As the economy recovered, HDB reintroduced 5-room in 2008… let’s look on HDB website at applicant ratio, see how small flat types remain unsold, despite of cheaper price and higher grants, while the 5-Room get oversubscribed. There are couples without children applying for 4/5-Room flats not for having 3 bedrooms, but because they are unhappy by room sizes so choose a bigger flat to adjoin rooms and make a huge 2-room flat. People can afford bigger HDB flats!
There are rumors that HDB do not resume building Executive flats because the average household size dropped and most applicants are families up to 4 members, and the big flats are picked by rich people able to afford more space than they normally need. I can tell contrary, while running this website, I have been contacted by numerous people buying 5-Room BTO flats and complaining about impossibility to turn the study into a 4th bedroom for additional child, maid, in-laws, etc (possible in 1990s flats). While MND encourage raising birth rate, HDB offering flats with max 3 bedrooms, is discouraging us to make more than 2 children.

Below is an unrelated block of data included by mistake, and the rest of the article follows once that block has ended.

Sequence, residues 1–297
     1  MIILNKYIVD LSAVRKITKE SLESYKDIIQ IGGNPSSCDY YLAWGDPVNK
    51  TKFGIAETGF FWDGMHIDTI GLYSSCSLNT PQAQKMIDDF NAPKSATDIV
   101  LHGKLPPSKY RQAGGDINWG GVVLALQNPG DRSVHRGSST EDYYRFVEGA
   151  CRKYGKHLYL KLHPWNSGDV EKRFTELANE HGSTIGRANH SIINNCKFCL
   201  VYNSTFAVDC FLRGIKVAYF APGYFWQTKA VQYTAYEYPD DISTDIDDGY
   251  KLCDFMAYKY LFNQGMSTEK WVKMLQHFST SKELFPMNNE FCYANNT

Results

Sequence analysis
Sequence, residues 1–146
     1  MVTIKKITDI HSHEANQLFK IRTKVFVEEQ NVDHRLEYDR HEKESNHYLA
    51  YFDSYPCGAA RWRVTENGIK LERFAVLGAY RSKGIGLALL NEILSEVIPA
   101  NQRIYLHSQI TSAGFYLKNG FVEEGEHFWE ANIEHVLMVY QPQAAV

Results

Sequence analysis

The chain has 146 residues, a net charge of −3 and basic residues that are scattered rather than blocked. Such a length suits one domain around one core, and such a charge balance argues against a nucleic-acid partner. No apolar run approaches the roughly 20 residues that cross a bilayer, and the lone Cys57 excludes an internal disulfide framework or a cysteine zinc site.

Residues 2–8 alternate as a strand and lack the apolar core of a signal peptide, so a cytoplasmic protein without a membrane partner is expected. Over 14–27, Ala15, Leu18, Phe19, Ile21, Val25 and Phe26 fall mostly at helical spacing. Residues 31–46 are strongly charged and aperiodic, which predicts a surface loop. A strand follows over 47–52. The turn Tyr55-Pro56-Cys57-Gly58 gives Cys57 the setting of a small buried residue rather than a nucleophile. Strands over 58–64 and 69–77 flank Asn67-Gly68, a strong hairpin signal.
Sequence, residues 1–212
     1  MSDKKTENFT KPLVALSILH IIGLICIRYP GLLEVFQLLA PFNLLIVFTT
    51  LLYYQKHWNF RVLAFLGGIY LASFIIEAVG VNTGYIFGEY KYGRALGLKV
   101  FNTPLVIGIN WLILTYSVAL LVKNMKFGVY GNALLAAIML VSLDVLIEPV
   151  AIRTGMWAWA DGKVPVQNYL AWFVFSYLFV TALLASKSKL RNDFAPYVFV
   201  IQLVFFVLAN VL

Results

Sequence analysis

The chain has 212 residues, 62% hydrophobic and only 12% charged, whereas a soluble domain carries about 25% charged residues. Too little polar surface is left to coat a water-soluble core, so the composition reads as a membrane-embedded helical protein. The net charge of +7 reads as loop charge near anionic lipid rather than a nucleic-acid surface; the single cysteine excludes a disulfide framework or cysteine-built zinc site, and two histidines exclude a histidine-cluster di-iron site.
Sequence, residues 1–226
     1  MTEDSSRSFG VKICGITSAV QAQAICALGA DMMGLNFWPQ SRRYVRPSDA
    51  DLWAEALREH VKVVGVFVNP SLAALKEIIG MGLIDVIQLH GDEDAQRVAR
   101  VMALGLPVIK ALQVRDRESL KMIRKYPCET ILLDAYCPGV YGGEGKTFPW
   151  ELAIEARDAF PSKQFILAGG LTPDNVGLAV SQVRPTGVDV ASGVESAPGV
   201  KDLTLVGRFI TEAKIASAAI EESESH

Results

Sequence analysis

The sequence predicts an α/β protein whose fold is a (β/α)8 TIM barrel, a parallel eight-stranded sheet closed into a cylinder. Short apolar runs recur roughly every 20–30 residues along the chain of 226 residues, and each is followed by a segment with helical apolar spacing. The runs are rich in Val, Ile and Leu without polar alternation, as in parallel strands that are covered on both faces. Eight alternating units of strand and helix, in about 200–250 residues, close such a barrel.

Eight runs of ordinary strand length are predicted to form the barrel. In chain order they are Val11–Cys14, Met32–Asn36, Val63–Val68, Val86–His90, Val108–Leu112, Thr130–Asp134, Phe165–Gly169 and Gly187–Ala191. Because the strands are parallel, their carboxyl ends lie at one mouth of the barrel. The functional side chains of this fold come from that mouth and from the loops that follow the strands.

The 3gen flat introduced in 2013, having 4 bedrooms and restricted to a 3 applicants is welcome! Unfortunately it is only 115 sqm.
What do you prefer: to add Executive Apartments of 130 sqm, or to enlarge current 3/4/5-rm to 75/100/125 sqm?
Sick of HDB flat sizes?